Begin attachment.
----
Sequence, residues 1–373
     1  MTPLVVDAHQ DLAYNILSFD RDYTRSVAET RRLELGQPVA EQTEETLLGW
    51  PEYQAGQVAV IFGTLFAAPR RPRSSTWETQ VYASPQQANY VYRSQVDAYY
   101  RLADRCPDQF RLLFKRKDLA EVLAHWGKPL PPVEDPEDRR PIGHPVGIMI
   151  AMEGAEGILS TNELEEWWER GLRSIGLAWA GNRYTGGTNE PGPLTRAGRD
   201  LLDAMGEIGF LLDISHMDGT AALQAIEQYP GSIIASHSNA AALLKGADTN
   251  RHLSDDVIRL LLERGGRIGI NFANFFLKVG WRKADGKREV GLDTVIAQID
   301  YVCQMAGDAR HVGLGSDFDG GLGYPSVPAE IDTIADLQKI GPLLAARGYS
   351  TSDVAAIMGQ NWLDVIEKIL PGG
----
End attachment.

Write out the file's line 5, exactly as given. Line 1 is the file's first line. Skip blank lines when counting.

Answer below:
   151  AMEGAEGILS TNELEEWWER GLRSIGLAWA GNRYTGGTNE PGPLTRAGRD